Richard Mourdock: Wrong, Not “Right”, for Indiana
So Indiana Treasurer Richard Mourdock has defeated six-term Senator Richard Lugar in Indiana’s Republican primary. Wow. Lugar had been one of our senators since 1976 and he’d been widely respected as one of the best senators in Washington during that time. Speaking just for myself, I’ve had several excellent experiences with Sen. Lugar over the years, though I must admit that I’ve lost respect for him in recent years as I felt that he lost his independence and moved right (for more on this see I’m Losing Respect for Sen. Lugar posted September 2010 and I’m Losing Respect for Sen. Lugar (update) posted May 2011). But apparently times change and now the Tea Party rage and desire to return to 1950 (or is it 1850?) has claimed the scalp of one of the true remaining “statesmen” in Washington.
Over the next six months you’re going to hear a lot about Richard Mourdock. I’m sure that I’ll write about him at some length because the idea of him being my senator is, frankly, terrifying. But today, in the wake of his victory yesterday, I wanted to take a brief moment and just highlight a few of the things about Mourdock that you may not know and which should (I hope) begin to give readers pause at the idea of this man being your senator (let alone voting for him).
- As Indiana Treasurer, he invested Indiana pension funds into automotive stocks and funds that were, at the time the investments were made, essentially junk bonds.
- When Chrysler finally went into bankruptcy and the creditors reached an agreement that was approved by the bankruptcy Court, Mourdock, acting as Indiana Treasurer, went to court to try to stop the settlement. He took his claim to the Supreme Court and lost. A few things about this whole fiasco are worth noting specifically:
- Mourdock, paid millions in state funds to lawyers (mostly in New York, not here in Indiana);
- One of the Court’s findings in its ruling against Mourdock was that even if Mourdock and Indiana prevailed in the litigation, there was no scenario in which Indiana would get more money than under the approved settlement (go ahead and read that again); and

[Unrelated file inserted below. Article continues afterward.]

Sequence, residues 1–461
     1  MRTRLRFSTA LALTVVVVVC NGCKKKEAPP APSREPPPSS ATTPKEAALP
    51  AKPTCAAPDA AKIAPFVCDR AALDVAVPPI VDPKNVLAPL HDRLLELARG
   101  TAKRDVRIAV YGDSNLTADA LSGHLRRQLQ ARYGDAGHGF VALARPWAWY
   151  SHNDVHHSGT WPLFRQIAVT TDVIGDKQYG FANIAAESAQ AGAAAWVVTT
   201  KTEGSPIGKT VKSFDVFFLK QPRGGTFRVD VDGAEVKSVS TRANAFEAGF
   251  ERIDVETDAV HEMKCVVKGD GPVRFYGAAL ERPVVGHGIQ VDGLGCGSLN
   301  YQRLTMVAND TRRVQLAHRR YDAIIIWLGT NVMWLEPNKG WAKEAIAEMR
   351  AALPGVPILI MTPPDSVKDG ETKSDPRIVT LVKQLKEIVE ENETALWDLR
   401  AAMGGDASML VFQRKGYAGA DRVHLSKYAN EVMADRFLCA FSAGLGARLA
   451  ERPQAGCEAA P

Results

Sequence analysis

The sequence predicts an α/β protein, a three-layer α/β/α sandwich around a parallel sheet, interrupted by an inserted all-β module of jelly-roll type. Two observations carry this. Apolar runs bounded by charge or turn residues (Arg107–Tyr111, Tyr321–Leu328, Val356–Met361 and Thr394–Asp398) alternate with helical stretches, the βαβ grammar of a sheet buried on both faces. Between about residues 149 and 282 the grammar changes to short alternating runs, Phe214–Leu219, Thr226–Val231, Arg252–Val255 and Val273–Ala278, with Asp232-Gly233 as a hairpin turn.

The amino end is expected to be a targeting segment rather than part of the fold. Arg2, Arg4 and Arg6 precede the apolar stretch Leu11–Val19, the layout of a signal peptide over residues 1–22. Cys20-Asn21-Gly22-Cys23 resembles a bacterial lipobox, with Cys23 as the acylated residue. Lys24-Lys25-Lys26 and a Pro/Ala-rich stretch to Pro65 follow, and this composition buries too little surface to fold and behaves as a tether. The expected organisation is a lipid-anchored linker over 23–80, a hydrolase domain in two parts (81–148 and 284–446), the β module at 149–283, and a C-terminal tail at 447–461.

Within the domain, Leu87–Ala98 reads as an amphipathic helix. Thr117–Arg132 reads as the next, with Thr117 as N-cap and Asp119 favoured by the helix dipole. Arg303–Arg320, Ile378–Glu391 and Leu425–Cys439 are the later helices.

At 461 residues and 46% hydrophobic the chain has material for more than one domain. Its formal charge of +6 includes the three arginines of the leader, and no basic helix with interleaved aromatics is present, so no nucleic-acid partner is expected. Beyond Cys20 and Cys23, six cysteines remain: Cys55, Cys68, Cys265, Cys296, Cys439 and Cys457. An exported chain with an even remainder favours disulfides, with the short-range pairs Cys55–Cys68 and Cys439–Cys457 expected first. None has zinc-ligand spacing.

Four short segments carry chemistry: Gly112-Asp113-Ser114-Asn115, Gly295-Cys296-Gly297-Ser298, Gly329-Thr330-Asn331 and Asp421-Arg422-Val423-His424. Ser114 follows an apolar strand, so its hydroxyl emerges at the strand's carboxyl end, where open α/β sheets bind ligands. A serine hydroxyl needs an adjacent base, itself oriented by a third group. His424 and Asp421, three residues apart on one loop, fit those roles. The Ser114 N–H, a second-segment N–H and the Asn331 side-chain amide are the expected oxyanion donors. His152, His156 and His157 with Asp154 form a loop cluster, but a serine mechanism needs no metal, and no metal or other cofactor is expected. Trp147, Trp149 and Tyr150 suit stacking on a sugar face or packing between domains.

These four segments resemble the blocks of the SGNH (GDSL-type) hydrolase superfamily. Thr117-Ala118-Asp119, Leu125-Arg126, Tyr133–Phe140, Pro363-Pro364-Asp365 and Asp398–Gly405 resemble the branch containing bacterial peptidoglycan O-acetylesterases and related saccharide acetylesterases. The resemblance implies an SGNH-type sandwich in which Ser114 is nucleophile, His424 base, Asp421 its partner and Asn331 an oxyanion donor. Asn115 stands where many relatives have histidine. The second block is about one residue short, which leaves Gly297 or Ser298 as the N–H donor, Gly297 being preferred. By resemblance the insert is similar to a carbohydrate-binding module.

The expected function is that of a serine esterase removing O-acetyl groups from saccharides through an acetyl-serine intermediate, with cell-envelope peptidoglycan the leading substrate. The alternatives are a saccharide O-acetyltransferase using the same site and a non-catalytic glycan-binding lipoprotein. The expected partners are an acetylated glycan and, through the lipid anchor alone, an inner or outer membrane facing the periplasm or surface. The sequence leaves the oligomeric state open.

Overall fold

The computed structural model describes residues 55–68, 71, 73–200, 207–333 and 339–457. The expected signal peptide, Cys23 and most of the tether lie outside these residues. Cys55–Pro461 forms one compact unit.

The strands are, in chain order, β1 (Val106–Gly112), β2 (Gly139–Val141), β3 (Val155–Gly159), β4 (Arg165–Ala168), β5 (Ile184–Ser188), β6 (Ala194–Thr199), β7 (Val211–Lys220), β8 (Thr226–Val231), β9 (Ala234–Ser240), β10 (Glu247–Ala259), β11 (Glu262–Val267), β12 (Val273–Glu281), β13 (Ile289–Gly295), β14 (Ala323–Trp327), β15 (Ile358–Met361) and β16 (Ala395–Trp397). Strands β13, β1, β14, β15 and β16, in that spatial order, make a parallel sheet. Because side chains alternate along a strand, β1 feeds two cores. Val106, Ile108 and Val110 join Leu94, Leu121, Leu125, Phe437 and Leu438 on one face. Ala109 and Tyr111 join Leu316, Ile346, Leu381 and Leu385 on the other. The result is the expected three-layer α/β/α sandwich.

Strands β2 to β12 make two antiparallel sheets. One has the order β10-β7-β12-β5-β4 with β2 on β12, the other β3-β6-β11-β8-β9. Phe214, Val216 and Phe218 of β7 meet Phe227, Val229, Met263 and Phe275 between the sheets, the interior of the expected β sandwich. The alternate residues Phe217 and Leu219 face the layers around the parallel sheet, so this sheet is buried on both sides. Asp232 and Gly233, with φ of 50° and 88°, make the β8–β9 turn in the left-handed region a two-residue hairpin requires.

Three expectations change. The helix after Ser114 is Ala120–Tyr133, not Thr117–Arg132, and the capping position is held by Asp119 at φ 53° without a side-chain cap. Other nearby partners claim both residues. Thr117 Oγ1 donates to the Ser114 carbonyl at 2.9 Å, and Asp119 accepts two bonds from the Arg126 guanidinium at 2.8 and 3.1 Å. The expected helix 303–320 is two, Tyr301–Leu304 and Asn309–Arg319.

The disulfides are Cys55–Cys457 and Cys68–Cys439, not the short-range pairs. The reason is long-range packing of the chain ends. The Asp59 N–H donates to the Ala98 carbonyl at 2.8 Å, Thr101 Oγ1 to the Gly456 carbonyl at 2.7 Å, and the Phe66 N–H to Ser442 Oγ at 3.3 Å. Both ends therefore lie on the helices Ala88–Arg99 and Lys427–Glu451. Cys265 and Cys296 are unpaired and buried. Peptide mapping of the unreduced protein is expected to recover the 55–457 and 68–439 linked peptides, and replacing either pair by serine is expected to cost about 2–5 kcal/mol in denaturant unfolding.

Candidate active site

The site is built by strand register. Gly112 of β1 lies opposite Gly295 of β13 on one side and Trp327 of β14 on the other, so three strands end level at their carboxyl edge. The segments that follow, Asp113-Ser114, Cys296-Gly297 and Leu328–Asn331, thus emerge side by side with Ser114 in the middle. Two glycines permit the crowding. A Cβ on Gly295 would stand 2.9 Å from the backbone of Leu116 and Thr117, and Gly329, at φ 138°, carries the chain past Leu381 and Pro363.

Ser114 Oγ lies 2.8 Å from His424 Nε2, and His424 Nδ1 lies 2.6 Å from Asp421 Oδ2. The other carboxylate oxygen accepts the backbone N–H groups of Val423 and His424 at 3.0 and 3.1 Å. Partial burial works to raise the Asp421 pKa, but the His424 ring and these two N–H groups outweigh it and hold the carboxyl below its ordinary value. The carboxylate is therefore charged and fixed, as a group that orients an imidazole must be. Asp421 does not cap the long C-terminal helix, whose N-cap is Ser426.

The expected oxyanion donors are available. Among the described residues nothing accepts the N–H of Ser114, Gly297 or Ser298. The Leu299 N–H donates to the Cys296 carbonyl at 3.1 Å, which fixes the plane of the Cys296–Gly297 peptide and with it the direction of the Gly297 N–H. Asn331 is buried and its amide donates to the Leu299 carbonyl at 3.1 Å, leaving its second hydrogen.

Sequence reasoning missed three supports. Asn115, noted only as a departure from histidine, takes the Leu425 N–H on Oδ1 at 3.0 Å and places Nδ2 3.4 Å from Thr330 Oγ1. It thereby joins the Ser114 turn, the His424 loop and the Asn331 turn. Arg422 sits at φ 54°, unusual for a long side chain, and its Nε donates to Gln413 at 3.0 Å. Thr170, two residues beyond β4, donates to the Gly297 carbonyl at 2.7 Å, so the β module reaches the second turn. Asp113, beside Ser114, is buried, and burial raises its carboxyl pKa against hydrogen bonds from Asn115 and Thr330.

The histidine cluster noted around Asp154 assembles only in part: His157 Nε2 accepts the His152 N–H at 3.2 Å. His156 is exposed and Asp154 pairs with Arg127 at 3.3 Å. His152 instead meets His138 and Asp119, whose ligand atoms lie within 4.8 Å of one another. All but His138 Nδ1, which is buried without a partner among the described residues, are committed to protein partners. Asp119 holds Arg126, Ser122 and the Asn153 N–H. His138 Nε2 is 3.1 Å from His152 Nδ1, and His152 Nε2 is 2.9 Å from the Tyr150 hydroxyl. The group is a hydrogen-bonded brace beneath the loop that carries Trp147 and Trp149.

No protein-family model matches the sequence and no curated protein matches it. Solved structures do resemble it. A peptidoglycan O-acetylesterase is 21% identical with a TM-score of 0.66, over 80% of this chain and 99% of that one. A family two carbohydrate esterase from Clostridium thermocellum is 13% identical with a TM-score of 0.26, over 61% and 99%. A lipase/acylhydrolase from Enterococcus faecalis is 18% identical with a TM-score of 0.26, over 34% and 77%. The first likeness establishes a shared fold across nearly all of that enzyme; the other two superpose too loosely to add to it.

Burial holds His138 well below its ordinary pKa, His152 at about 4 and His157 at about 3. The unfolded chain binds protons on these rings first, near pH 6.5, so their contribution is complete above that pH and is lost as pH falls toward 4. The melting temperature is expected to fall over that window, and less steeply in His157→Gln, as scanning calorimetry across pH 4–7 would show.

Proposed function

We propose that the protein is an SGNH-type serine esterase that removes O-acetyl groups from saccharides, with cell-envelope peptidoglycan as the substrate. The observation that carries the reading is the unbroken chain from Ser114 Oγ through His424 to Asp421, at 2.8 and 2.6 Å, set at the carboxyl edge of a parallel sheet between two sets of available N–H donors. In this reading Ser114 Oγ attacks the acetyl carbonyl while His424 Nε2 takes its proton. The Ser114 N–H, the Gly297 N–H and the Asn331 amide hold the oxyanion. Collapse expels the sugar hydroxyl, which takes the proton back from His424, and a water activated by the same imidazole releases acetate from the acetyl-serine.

- Had Mourdock’s lawsuit succeeded, not only would Indiana have received less money than under the settlement, but Chrysler would have been liquidated and the auto industry would likely have been thrown into a massive collapse, likely at the cost of hundreds of thousands of jobs in Indiana.
- Mourdock believes that the 17th Amendment to the Constitution (calling for the direct election of senators by the people) should be repealed so that state legislatures would once again elect senators. The 17th Amendment was ratified in 1913.
- Mourdock also apparently believes that both Social Security and Medicare are unconstitutional.
- Mourdock claims that one of the principal problems in Washington these days is that there is too much bipartisanship. He’s also said that if elected to a minority caucus in the Senate, his principal focus would be, not on legislating or working with Democrats, but on campaigning to elect more Republicans.
- I can’t forget this: During the 2010 race for Treasurer, Mourdock’s opponent, Pete Buttigieg repeatedly challenged Mourdock to debate the issues (in particular the Chrysler bankruptcy litigation and bad investments). Mourdock didn’t just refuse; he refused to even respond to Buttigieg’s requests. However, that didn’t stop Mourdock and his entourage from showing up in front of Buttigieg’s house one evening for a little publicity stunt speech while Buttigieg was touring the state to meet voters.
Finally (and yes, I realize that this is largely repetitive of one of the points made above), I think some of what Mourdock had to say just this morning during an interview with MSNBC’s Chuck Todd is worth listening to and reflecting upon:
Transcript (emphasis added):
CHUCK TODD: You have said that there needs to be more partisanship in Washington. How do you square that with being a legislator?
RICHARD MOURDOCK: Well, what I've said is that I certainly think bipartisanship ought to consist of Democrats coming to the Republican point of view. [...] Bipartisanship means they have to come our way [...] To me, the highlight of politics, frankly, is to inflict my opinion on someone else with a microphone or in front of a camera. [...] Even those Republicans who more often than not vote the right way aren't coming back into their states or their districts and getting in front of the unfriendly crowds and unfriendly microphones to make the point as to why our point of view is good. [...] I feel I can defend the purpose of conservatism, and more Republicans should be doing it just as I want to.
Seriously. I don’t know about you, but he sounds less like someone who wants to be a Senator and more like a spoiled 4-year-old who says, “play by my rules or I’m taking my ball and bat and going home.” And, though it was perhaps an inadvertent word choice, I think the fact that Mourdock believes the the highlight of politics is to “inflict” his opinion on others is … um … just wow.
If you want to be sure that Mourdock never gets anywhere close to the United States Senate, then please show a little love to his Democratic opponent Joe Donnelly.